This year, the buzz at the JLC Live show in Providence, Rhode Island, was flesh-sensing technology. But we're talking about SawStop and Bosch REAXX, not tools for zombies. Sawstop was on display right near the entrance to the show floor with their brand-new portable jobsite saw. Like its larger (and more expensive) cabinet saw counterpart, this compact saw is equipped with SawStop's patented contact detection system, which stops the blade instantaneously when it comes in contact with a finger or other body part. PDB is planning on putting this saw through its paces this spring and reporting on it, but if you can't wait you can read this preview written back in December by Tools of the Trade editor Dave Frane. Even without the revolutionary saw brake, it's a very well-designed machine with a lot of great features.
Sawstop isn't the only flesh-sensing game in town. At the show, Bosch unveiled its new REAXX jobsite saw, which looks a lot like their proven 4100 10-inch saw, but with an air-bag cartridge that fires to retract the blade below the table. According to Bosch, the replaceable cartridge won't damage the blade, and is good for two uses. The REAXX won't be available until Fall 2015, but it will be interesting to see how the two saws stack up against one another. Even more interesting will be to see how the market – and other manufacturers – respond.
Every year at the show, it seems that there are at least one or two small mom-and-pop companies introducing brand new 'why-didn't-I-think-of-that?' inventions. This year, for example, I was able to get an up-close look at the Mosely Infinity level, a clever Lego-like system of interlocking 1-foot and 2-foot rails. Inventor Mike Lueck was there in the booth explaining how to assemble and disassemble the rail sections, and demonstrating how to use some of the different configurations of the tool. I was especially impressed by the quality of the castings.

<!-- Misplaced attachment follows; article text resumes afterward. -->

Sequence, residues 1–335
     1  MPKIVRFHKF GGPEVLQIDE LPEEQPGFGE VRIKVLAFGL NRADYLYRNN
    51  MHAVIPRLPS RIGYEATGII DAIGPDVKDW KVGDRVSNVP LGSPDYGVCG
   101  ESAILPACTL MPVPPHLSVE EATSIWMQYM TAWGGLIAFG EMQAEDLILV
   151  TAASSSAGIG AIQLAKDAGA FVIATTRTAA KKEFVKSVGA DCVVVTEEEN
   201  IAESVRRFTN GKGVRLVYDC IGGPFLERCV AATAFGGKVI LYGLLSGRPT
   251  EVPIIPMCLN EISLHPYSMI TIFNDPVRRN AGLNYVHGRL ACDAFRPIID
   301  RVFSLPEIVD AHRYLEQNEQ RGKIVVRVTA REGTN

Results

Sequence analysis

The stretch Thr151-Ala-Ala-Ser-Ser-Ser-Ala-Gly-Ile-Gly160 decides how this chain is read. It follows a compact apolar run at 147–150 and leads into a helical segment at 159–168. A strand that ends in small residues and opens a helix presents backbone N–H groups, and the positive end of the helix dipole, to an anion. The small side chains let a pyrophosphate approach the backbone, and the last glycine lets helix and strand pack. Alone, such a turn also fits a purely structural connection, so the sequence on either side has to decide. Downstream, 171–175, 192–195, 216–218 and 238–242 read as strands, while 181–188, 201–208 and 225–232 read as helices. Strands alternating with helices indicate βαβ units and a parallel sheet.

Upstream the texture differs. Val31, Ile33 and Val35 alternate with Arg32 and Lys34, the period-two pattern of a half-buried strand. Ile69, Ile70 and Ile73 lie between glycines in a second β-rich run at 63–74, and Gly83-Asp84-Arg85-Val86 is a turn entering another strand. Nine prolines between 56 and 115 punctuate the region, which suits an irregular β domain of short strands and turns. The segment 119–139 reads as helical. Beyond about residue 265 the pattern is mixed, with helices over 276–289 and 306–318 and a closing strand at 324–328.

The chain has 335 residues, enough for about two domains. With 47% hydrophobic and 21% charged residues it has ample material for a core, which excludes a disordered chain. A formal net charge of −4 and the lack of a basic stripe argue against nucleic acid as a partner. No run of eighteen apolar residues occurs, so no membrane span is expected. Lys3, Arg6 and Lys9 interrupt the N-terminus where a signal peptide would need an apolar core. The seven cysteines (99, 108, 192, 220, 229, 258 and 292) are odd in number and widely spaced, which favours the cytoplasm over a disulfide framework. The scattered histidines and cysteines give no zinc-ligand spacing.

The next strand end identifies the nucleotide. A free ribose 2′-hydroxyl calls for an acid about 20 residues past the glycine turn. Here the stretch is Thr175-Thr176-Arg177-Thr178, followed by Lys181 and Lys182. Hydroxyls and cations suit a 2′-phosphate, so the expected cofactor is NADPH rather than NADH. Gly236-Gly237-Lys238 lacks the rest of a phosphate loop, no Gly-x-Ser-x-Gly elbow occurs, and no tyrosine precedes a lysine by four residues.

The show floor was packed with exhibitors and demonstrations, including PDB contributing editor Kim Katwijk, who was hard at work in his day-long deck-building workshop. Unfortunately, there weren't many deck-specific conference sessions at this year's show, though I found time to sit in on a couple of 3-hour courses (one on high-performance windows, and one on finishes for interior trim). Deck builders I met at the show told me that they were able to find plenty of classes to help them tune up their business skills.
Finally, in preparation for an article planned for the June issue on cable railings, I prowled the show floor looking for new cable-related products, insights, and ideas. Feeney was there with their new brightly-colored posts and rails, which look even cooler in person than in their press releases. And I learned that Fairway will be introducing a new cable railing system in May, which will include a surface-mount post with inserts to receive machine-threaded cable lug fittings. If the number of cable-rail suppliers that I found at the show is any indication, this is an area where you can expect to see a lot of growth in 2015.